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George Moore (George Augustus Moore) Biography

(1852–1933), (George Augustus Moore), A Modern Lover, A Mummer's Wife, A Drama in Muslin

Irish novelist, born in Ballyglass, Co. Mayo, the eldest son of a landowner and racehorse breeder. After his father's death in 1870, he inherited the family estate with which he subsidized seven years in Paris, studying art and literature. Due to his absence and the effects of the Land War in Ireland, he suffered a financial crisis in 1880 and had to leave Paris. He became a professional writer of fiction, intent on introducing the ideas of Zola, Balzac, and Flaubert to the English novel. His first published work, A Modern Lover (1883), which concerns the relationship between artistic compromise and sexual prostitution, was critically condemned as immoral and banned by the powerful circulating libraries. In reaction, Moore began a prolonged attack on the handful of critics and businessmen who controlled the reading habits of late Victorian England. The novels which followed refused to pander to prudery or the contemporary distrust of French narrative technique. In A Mummer's Wife (1884), which influenced Arnold Bennett, and A Drama in Muslin (1886), a novel about the landed gentry in Ireland, Moore experimented with Zola's theory of authorial detachment. His autobiographical portrayal of Parisian artists, Confessions of a Young Man (1888), recounts his conversion to naturalism: ‘The idea of a new art based upon science, … an art that should explain all things and embrace modern life in its entirety … filled me with wonder.’ Moore's financial problems were solved by the success of his most renowned novel, Esther Waters (1894), which tells the story of a servant girl's misfortunes and her struggle to protect her child. Esther is illiterate and her condition restricts her ability to reflect upon her suffering. In choosing to narrate the novel through a figure of low social rank, Moore exceeded the efforts of Thomas Hardy in Tess of the the d'Urbervilles (1891) to represent a mind of limited understanding.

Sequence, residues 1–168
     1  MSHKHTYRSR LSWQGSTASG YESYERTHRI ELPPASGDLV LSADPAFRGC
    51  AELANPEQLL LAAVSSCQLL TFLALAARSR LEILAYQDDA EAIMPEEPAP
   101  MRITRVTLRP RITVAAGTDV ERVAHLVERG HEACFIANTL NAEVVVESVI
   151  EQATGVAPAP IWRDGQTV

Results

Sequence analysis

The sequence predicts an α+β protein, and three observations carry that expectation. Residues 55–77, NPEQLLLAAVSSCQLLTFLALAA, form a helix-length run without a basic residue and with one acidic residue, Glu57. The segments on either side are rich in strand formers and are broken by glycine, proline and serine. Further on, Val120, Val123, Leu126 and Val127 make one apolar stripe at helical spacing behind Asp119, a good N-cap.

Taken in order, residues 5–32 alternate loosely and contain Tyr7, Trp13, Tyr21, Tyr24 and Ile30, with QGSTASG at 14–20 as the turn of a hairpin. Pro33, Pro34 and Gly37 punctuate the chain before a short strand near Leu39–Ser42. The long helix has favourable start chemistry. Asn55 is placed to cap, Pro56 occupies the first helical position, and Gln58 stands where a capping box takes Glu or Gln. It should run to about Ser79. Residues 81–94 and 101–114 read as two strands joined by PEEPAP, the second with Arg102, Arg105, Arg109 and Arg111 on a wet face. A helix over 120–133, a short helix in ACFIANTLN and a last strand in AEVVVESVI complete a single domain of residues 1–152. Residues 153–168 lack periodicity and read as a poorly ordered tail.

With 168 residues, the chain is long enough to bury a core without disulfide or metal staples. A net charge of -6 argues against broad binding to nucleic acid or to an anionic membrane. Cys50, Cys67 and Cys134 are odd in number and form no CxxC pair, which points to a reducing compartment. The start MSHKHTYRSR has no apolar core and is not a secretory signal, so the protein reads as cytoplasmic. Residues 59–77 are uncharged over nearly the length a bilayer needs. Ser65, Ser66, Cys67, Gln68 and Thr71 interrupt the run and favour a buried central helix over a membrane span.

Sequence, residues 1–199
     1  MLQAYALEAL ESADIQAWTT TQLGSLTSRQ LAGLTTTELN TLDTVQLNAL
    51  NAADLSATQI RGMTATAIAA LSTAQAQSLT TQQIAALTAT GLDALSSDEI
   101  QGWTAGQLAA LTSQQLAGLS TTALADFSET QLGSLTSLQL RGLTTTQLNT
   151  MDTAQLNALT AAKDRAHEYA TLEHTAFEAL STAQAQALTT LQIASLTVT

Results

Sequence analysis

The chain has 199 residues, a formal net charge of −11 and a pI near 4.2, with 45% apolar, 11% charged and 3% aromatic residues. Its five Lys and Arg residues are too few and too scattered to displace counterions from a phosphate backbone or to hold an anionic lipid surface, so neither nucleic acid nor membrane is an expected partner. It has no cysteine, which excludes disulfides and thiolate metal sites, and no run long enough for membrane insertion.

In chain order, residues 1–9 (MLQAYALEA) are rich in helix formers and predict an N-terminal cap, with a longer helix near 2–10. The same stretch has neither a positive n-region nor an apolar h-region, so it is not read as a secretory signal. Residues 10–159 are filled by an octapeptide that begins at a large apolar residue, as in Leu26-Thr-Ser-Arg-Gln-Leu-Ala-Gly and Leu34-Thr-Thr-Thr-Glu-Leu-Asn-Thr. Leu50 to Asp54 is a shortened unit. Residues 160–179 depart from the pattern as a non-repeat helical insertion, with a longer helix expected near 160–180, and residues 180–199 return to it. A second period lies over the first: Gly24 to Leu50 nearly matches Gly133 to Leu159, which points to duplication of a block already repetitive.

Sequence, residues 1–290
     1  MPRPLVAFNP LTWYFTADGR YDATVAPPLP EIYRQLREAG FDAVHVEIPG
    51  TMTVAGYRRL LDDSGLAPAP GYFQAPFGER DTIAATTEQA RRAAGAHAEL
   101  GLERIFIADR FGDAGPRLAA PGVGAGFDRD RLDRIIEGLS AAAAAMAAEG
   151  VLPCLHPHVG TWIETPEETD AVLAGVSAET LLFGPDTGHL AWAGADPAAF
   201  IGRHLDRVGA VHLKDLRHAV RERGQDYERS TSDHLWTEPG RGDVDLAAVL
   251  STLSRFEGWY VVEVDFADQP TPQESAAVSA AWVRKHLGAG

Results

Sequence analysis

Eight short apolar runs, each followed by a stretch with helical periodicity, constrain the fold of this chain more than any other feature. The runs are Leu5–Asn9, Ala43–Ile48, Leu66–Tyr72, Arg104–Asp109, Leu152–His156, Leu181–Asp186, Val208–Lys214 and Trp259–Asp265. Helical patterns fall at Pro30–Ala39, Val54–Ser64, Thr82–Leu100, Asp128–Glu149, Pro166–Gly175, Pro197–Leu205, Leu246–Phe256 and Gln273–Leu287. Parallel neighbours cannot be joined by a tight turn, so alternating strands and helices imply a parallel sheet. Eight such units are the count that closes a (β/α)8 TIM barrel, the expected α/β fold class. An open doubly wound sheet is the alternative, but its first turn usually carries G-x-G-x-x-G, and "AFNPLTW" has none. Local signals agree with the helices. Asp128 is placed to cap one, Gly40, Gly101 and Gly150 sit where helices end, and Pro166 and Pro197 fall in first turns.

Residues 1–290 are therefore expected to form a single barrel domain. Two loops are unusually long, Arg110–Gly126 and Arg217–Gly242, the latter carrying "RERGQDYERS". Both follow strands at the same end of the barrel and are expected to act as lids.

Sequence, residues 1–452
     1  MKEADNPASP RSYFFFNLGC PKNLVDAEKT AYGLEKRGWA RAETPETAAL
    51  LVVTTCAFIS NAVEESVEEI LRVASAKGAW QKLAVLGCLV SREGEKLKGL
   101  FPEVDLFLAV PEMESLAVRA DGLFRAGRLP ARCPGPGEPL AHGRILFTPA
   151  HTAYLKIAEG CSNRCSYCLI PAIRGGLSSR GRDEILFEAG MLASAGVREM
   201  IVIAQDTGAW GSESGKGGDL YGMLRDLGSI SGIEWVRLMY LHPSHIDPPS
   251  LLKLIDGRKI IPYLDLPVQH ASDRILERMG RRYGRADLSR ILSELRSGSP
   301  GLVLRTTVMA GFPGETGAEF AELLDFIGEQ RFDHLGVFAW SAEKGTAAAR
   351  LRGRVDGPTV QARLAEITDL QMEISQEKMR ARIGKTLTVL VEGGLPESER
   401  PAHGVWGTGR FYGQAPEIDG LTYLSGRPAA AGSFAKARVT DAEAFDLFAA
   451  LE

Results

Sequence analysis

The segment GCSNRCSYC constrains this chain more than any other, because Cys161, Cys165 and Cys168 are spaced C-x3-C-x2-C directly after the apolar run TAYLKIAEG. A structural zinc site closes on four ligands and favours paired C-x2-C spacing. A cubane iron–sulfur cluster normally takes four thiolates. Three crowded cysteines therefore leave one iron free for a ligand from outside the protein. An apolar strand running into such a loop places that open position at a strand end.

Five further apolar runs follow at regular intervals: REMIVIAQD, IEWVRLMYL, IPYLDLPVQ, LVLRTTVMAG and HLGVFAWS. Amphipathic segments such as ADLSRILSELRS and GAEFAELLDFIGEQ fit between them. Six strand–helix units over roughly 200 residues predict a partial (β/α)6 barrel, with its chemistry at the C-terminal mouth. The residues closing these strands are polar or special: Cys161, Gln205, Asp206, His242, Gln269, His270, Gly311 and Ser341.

In his later novels, Moore continued to run counter to contemporary tastes; The Brook Kerith (1916) and Héloïse and Abélard (1921), an imaginative reconstruction of life in the Middle Ages, experiment successfully with historical epic, while Celibate Lives (1927) pays homage to the aesthetics of Flaubert. In 1901 Moore moved to Dublin and, with W. B. Yeats, Lady Gregory, and Edward Martyn, helped to establish the Irish National Theatre, later the Abbey Theatre. His contribution to Anglo-Irish literature continued with a collection of short stories, The Untilled Field (1903), with which, Frank O'Connor has argued, ‘the Irish short story became a fact’. Vale (1914), the third and final volume of his autobiography, Hail and Farewell (191114), brilliantly satirizes the excesses of the Irish Literary Revival, though Moore never relinquished his belief in the renewal of Irish culture and identity. See The Life of Moore (1936), by J. M. Hone; George Moore: A Reconsideration (1955), by Malcolm Brown; and George Moore in Perspective (1983), by Janet Dunleavy. A new edition of the letters of George Moore, 19001933, George Moore on Parnassus (1988), was edited by Helmut E. Gerber.

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Literature Reference: American Literature, English Literature, Classics & Modern FictionEncyclopedia of Literature: Edgar Mittelholzer Biography to Mr Norris Changes Trains